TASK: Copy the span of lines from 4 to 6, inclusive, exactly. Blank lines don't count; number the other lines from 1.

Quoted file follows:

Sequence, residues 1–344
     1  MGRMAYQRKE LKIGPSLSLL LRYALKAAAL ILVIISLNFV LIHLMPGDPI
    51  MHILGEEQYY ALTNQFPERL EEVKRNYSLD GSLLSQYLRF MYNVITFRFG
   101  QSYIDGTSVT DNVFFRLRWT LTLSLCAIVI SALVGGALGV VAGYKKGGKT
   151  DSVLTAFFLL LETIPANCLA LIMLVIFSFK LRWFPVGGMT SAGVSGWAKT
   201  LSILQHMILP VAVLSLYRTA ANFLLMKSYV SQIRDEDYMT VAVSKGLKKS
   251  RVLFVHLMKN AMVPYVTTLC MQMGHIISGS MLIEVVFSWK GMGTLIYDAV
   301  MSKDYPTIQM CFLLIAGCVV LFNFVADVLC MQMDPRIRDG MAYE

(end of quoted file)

   101  QSYIDGTSVT DNVFFRLRWT LTLSLCAIVI SALVGGALGV VAGYKKGGKT
   151  DSVLTAFFLL LETIPANCLA LIMLVIFSFK LRWFPVGGMT SAGVSGWAKT
   201  LSILQHMILP VAVLSLYRTA ANFLLMKSYV SQIRDEDYMT VAVSKGLKKS